Cover image for House of Bush, house of Saud : the secret relationship between the world's two most powerful dynasties
House of Bush, house of Saud : the secret relationship between the world's two most powerful dynasties
Unger, Craig.
Personal Author:
Publication Information:
New York : Scribner, 2004.
Physical Description:
vii, 356 pages, 8 unnumbered pages of plates : illustrations ; 24 cm
Format :


Call Number
Material Type
Home Location
Item Holds
E902 .U54 2004 Adult Non-Fiction Non-Fiction Area
E902 .U54 2004 Adult Non-Fiction Open Shelf

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Newsbreaking and controversial -- an award-winninginvestigative journalist uncovers the thirty-year relationshipbetween the Bush family and the House of Saud andexplains its impact on American foreign policy, business,and national security.House of Bush, House of Saud begins with a politicallyexplosive question: How is it that two days after 9/11,when U.S. air traffic was tightly restricted, 140 Saudis,many immediate kin to Osama Bin Laden, were permitted toleave the country without being questioned by U.S. intelligence?The answer lies in a hidden relationship that began in the1970s, when the oil-rich House of Saud began courtingAmerican politicians in a bid for military protection, influence,and investment opportunity. With the Bush family, the Saudishit a gusher -- direct access to presidents Reagan, George H.W.Bush, and George W. Bush. To trace the amazing weave of Saud-Bush connections, Unger interviewed three former directors ofthe CIA, top Saudi and Israeli intelligence officials, and morethan one hundred other sources. His access to major players isunparalleled and often exclusive -- including executives at theCarlyle Group, the giant investment firm where the House ofBush and the House of Saud each has a major stake.Like Bob Woodward's The Veil, Unger's House of Bush, Houseof Saud features unprecedented reportage; like Michael Moore'sDude, Where's My Country? Unger's book offers a politicalcounter-narrative to official explanations; this deeply sourcedaccount has already been cited by Senators Hillary RodhamClinton and Charles Schumer, and sets 9/11, the two Gulf Wars,and the ongoing Middle East crisis in a new context: Whatreally happened when America's most powerful political familybecame seduced by its Saudi counterparts?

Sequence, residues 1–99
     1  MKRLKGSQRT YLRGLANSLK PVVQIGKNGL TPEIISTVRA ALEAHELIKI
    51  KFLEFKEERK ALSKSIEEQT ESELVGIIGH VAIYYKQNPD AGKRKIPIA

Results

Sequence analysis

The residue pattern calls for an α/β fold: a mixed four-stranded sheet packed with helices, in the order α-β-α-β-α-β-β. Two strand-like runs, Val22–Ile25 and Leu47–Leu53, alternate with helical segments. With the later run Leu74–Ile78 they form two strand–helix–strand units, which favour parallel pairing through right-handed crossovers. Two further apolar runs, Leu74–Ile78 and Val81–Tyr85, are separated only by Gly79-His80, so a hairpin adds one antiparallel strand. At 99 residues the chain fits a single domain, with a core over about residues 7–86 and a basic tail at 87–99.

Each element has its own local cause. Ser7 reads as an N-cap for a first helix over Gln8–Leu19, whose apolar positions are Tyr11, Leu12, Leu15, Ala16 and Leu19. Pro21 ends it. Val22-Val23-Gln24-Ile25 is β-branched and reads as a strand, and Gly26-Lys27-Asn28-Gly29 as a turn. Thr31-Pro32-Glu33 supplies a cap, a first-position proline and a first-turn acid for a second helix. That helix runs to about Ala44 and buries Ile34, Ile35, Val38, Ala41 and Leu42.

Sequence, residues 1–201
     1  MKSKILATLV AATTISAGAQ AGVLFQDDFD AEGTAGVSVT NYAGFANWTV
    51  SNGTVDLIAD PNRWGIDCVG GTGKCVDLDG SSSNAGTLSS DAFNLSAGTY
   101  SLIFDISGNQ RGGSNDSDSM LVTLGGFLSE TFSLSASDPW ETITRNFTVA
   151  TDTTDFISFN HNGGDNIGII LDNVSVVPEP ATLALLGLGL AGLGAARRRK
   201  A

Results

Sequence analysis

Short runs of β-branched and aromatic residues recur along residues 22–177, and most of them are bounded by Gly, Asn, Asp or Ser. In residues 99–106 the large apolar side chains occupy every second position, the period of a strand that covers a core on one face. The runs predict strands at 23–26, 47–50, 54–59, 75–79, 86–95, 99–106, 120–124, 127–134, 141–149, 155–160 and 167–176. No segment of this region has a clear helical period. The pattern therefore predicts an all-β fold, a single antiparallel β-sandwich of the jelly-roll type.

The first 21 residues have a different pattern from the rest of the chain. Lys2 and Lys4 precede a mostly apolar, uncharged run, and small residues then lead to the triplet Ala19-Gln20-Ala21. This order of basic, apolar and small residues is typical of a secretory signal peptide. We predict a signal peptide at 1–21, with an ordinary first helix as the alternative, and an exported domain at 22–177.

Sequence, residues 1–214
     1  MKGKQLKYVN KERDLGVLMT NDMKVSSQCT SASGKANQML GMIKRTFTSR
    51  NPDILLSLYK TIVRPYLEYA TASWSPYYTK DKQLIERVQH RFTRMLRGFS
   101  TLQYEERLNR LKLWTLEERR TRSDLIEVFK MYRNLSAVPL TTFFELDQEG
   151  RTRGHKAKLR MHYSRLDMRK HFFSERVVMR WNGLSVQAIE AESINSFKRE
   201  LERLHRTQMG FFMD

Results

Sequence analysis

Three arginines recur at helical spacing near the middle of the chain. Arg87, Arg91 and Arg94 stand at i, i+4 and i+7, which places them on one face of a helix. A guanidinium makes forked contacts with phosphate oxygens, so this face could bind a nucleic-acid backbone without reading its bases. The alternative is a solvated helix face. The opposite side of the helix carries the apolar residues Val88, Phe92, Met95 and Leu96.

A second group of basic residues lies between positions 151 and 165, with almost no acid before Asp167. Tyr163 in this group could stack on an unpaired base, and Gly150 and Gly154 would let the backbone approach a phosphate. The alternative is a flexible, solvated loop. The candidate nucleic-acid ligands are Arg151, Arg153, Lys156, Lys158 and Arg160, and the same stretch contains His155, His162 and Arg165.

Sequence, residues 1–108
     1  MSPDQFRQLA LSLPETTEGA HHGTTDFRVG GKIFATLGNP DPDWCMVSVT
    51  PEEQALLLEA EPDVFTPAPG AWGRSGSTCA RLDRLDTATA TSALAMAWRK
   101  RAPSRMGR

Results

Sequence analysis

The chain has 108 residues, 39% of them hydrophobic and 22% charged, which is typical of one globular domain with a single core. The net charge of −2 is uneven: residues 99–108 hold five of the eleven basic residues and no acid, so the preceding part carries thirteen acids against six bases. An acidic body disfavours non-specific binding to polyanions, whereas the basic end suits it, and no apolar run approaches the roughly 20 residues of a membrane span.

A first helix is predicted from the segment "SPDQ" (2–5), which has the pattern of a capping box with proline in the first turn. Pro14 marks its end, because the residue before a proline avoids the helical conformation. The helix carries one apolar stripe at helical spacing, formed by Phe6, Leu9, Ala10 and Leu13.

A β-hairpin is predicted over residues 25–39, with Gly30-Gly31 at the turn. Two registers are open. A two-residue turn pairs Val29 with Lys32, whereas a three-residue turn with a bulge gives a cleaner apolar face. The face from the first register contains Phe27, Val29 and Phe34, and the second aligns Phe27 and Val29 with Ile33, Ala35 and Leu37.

Author Notes

Craig Unger is an American journalist and writer, based in New York City. He is a graduate of Harvard University. His career includes former deputy editor of The New York Observer and former editor-in-chief of Boston Magazine. His work has been published in Vanity Fair, New York Magazine, Esquire, The New Republic, The New Yorker, and other publications. He has appeared as an analyst on MSNBC, CNN, the ABC Radio Network, and other broadcast outlets. He is the author of Blue Blood; House of Bush, House of Saud; The Fall of the House of Bush; American Armageddon; Boss Rove; When Women Win (with co-author Ellen Malcolm); and House of Trump, House of Putin.

(Bowker Author Biography)

Reviews 2

Publisher's Weekly Review

In this potentially explosive book, investigative journalist Unger, who has written for the New Yorker, Esquire and Vanity Fair, pieces together the highly unusual and close personal and financial relationships between the Bush family and the ruling family of Saudi Arabia?and questions the implications for Bush's preparedness, or possible lack thereof, for September 11. What could forge such an unlikely alliance between the leader of the free world and the leaders of a stifling Islamic theocracy? First and foremost, according to Unger, is money. He compiles figures in an appendix indicating over $1.4 billion worth of business between the Saudi royal family and businesses tied (sometimes loosely) to the House of Bush, ranging from donations to the Bush presidential library to investments with the Carlyle Group (?a well-known player in global commerce? for which George H.W. Bush has been a senior advisor and his secretary of state, James Baker, is a partner), to deals with Halliburton, of which Dick Cheney was CEO. James Baker?s law firm even defended the House of Saud in a lawsuit brought by relatives of victims of September 11. Unger also questions whether the Bush grew so complacent about the Saudis that his administration ignored then White House terrorism czar Richard Clarke?s repeated warnings and recommendations about the Saudis and al-Qaeda. Another question raised by Unger?s research is whether millions in Saudi money given to U.S. Muslim groups may have delivered a crucial block of Muslim votes to George W. Bush in 2000?and it?s questions like that will make some readers wonder whether Unger is applying a chainsaw to issues that should be dissected with a scalpel. But whether one buys Unger?s arguments or not, there?s little doubt that with this intensely researched, well-written book he has poured more flame onto the political fires of 2004. Copyright 2004 Reed Business Information.

Library Journal Review

Unger, who spilled the beans on the Bush administration's spiriting Saudis out of the country after September 11 in a Vanity Fair story, here expands on his findings. An embargoed book. (c) Copyright 2010. Library Journals LLC, a wholly owned subsidiary of Media Source, Inc. No redistribution permitted.